Refine Your Search

Search Results

Viewing 1 to 3 of 3
Technical Paper

Development of a New-Generation High-Performance 4.5-liter V8 Nissan Engine

1990-02-01
900651
This paper describes a new 4.5-liter V8 engine, VH45DE, which was developed for use in the INFINITI Q45 sporty luxury sedan that was released in the U.S. and Japanese markets in November 1989. The many V8 engines in use around the world can be broadly devided into two categories. One category is characterized by ample torque at low engine speed and relatively large engine displacement. The other category is characterized by enhanced performance at relatively high engine speeds. The VH45DE engine is a new-generation V8 powerplant that delivers smooth power output at top-end speed and also generates ample torque at low engine speed to maintain good idle stability, and accomplishes it all with the smallest possible displacement. Development efforts were focused on two main goals. The first was to achieve efficient intake air charging. This has been accomplished the intake air resonant point at a relatively high engine speed through appropriate intake branch and collector tuning.
Technical Paper

Heat Capacity Changes Predict Nitrogen Oxides Reduction by Exhaust Gas Recirculation

1971-02-01
710010
Earlier work has demonstrated that exhaust gas recirculation (EGR) decreases peak combustion temperature and thus reduces the concentration of nitrogen oxides (NOx) in spark ignition engine exhaust. The present authors hypothesized that NOx formation is primarily affected by the heat capacity of the combustion gases and recycled exhaust. The hypothesis was tested in an experimental program involving the admission of inert gases such as He, Ar, H2, and CO2, and water in place of EGR. In addition to confirming the validity of the original hypothesis, the test data also indicated that engine output and efficiency were significantly affected by the heat capacity of the combustion gases. The authors conclude that EGR functions by increasing the heat capacity of the working fluid, and demonstrates that the correlative changes in NOx and engine performance can be predicted from heat capacity considerations.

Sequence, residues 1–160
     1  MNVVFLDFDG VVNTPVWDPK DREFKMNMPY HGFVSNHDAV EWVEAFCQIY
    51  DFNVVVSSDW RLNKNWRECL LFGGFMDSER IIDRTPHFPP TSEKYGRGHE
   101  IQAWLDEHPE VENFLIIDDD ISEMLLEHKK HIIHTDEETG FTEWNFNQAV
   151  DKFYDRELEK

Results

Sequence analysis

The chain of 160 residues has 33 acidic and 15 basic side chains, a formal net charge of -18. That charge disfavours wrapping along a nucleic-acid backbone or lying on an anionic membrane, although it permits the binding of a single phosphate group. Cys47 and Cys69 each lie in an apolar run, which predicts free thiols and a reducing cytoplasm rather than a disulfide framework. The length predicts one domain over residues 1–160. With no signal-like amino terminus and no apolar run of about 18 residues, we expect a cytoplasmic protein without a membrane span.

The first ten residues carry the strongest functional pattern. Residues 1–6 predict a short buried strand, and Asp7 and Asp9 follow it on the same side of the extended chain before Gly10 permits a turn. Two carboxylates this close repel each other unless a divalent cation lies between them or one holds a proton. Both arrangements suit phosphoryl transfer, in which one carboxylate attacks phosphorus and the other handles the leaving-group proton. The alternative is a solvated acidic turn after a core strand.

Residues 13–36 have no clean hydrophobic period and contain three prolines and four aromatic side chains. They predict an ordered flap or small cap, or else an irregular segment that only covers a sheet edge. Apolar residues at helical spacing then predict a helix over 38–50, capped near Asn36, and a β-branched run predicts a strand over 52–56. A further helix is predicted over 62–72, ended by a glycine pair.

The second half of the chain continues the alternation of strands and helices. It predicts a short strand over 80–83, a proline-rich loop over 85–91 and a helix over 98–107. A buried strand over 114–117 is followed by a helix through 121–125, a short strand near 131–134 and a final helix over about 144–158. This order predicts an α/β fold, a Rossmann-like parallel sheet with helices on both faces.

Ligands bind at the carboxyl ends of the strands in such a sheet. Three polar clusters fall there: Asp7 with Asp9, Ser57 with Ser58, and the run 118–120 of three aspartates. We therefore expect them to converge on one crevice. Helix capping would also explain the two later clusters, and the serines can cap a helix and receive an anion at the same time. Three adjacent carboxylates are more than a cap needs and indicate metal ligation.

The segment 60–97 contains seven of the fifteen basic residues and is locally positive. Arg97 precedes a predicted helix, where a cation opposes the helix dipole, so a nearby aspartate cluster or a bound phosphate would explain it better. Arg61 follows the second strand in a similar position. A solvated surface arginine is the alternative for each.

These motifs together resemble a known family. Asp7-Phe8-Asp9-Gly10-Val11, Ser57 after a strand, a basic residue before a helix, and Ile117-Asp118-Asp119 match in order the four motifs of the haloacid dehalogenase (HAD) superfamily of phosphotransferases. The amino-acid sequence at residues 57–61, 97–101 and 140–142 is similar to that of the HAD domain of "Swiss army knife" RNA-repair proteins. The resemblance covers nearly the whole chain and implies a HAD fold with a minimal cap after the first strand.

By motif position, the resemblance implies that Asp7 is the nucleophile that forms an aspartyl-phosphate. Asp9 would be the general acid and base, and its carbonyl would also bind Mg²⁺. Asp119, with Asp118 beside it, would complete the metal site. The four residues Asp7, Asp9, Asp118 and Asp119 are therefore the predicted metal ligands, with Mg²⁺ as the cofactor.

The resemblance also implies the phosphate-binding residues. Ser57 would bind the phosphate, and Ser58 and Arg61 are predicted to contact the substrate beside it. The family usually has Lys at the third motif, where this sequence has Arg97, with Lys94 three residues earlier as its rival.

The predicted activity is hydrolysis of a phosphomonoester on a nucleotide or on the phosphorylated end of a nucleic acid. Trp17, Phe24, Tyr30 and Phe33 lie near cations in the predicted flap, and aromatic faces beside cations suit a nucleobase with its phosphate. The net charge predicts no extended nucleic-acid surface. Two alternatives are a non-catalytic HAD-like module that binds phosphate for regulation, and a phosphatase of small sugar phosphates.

Technical Paper

Economical Matching of the Thermal Reactor to Small Engine-Low Emission Concept Vehicles

1972-02-01
720484
The Inter-Industry Emission Control (IIEC) Program included the thermal reactor as one of the effective ways of oxidizing HC and CO in the exhaust system. However, this was accompanied by very substantial fuel economy penalties, especially in the case of small engine-low emission concept vehicles. Starting with a new concept aimed at obtaining the HC/CO oxidizing trigger temperature in the thermal reactor by modifying engine settings, the authors arrived at an economical technique of matching the thermal reactor to the engine.
X